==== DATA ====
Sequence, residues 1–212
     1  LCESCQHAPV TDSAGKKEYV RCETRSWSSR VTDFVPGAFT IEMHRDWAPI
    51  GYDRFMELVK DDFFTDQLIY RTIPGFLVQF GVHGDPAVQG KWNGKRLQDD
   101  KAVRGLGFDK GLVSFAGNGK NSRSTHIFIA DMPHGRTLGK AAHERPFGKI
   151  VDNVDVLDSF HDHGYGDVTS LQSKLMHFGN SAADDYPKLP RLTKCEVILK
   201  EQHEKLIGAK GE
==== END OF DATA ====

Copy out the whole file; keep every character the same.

Sequence, residues 1–212
     1  LCESCQHAPV TDSAGKKEYV RCETRSWSSR VTDFVPGAFT IEMHRDWAPI
    51  GYDRFMELVK DDFFTDQLIY RTIPGFLVQF GVHGDPAVQG KWNGKRLQDD
   101  KAVRGLGFDK GLVSFAGNGK NSRSTHIFIA DMPHGRTLGK AAHERPFGKI
   151  VDNVDVLDSF HDHGYGDVTS LQSKLMHFGN SAADDYPKLP RLTKCEVILK
   201  EQHEKLIGAK GE